Google has a new competitor. Search engine Cuil, pronounced “cool” (the word ‘cuil’ is a Gaelic word meaning knowledge), officially launched today. And while Google can definitely use some competition, I don’t expect Cuil (www.cuil.com) to revolutionize the search experience.
One thing it has going for it is that Cuil was started by former Googlers, who presumably learned a thing or two while with the search behemoth. But it has some immediate differences. For one thing, Cuil can’t use PageRank to organize the results, as Google obviously has that technology squarely in their clutches and they’re not letting go. So Cuil has to look for different criteria with which to assess the relevance of a page. Cuil actually looks at the content of a page, and ignores the popularity measures that Google considers most relevant, such as link analysis.
First, Cuil finds pages with the keywords you searched for, then analyzes that page’s further content and “its concepts, their inter-relationships and the page’s coherency.” The results are returned not in a list but in a 2- or 3- column format, which is visually a more interesting way to view.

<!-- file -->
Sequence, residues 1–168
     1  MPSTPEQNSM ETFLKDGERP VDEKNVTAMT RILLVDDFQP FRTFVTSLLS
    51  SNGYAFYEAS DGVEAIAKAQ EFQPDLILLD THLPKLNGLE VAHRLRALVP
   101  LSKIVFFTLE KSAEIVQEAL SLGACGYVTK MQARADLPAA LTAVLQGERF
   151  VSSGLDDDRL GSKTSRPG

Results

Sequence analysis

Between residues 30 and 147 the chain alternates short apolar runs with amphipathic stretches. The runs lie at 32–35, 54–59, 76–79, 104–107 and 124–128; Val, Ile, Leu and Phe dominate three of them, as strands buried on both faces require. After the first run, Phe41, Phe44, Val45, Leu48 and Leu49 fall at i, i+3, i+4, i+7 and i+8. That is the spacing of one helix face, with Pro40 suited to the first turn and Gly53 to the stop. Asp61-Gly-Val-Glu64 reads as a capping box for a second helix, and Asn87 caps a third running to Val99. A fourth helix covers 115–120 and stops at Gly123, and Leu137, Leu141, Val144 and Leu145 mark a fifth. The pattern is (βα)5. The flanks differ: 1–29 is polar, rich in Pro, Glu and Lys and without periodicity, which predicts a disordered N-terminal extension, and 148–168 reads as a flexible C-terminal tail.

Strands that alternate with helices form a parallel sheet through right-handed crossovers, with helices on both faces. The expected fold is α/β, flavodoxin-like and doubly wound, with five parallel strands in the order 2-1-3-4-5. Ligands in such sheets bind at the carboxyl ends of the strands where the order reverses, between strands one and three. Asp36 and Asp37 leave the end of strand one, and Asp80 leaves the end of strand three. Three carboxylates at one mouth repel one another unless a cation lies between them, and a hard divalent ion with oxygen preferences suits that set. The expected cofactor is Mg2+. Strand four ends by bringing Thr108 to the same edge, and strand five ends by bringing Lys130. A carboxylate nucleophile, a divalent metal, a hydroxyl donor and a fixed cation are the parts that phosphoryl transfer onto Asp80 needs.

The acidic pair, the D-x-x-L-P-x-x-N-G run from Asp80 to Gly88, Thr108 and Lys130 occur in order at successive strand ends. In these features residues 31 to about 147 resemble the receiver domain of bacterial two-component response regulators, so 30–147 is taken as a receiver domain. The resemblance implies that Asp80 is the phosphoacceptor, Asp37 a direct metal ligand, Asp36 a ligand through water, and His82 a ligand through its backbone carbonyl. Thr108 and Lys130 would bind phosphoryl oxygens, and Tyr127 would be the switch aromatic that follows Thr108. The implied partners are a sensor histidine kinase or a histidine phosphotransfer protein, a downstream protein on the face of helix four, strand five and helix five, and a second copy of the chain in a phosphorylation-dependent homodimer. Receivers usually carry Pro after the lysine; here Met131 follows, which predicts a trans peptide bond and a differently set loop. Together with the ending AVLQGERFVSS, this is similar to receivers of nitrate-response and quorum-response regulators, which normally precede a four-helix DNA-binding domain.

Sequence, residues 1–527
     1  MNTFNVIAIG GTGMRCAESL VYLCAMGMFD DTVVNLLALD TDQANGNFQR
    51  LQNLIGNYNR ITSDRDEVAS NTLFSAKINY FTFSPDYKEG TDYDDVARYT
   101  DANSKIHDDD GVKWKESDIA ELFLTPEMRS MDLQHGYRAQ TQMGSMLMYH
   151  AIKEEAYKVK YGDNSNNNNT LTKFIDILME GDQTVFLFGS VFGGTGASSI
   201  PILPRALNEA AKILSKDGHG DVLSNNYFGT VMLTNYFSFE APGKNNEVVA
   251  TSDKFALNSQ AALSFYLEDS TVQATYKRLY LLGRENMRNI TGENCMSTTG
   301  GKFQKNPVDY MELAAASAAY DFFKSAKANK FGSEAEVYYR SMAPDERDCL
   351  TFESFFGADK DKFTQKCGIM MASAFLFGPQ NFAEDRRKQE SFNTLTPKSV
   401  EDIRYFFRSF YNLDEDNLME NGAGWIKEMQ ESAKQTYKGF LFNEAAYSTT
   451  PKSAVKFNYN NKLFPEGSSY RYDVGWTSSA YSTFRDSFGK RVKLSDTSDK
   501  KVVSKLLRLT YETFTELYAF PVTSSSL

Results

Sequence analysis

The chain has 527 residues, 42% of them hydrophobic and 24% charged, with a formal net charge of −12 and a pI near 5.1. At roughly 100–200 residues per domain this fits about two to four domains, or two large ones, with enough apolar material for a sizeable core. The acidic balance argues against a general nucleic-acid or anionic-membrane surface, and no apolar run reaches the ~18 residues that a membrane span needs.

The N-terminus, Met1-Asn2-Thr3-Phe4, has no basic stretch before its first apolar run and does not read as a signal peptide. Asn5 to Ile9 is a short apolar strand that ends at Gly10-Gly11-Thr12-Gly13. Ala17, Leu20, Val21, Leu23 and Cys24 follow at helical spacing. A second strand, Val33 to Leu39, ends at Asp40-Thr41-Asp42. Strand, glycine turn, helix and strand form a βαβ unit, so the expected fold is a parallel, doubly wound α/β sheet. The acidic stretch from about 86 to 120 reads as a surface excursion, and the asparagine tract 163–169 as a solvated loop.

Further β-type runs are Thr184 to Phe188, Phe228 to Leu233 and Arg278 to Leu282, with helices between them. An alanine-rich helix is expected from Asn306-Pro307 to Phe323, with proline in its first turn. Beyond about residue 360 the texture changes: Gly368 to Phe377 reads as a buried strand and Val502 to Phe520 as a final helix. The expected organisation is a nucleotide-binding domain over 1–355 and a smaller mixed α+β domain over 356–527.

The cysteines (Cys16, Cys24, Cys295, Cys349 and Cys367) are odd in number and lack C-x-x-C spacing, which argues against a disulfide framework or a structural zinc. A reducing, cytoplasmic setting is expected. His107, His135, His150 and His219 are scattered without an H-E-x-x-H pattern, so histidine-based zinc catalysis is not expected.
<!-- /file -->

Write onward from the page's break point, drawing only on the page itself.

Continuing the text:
Another nice thing is that Cuil’s home page is black, with no ads or other distracting clutter, and there are no sponsored results at this time, so the user experience is bound to be a little cleaner.
Cuil also offers suggestions for refining results. Cuil claims to have a searchable database that’s 3 times the size of Google’s, but really that doesn’t matter much. The size of the index isn’t the most important thing to a user; if the engine doesn’t return the results the user is expecting, they just won’t use it again, and it won’t matter how many pages Cuil has to pull from.
Another thing that makes Cuil a little bit cooler than other search engines is that they promise not to collect or save user data, so your search history is always private, unlike the big Google.
Still, there’s something missing. I searched for “blackberry,” thinking that would be a good search term to test because of the different meanings of the word. All of the results were about the hand-held device, but to the right of the page was an “explore by category” button with the option “Hybrid rubus,” in case you were wanting info about the fruit. Under that category was three options: boysenberry, loganberry, and olallieberry, all of which are varieties of blackberries. However, clicking on those subcategories revealed that Cuil didn’t have any information about them. Cuil suggested that I entered a typo, that my search term was rare, or that I had entered too many search terms. If Cuil is going to come anywhere near to being the Google-killer they claim to be, they’re going to have to beef up their relevancy algorithm, and quick.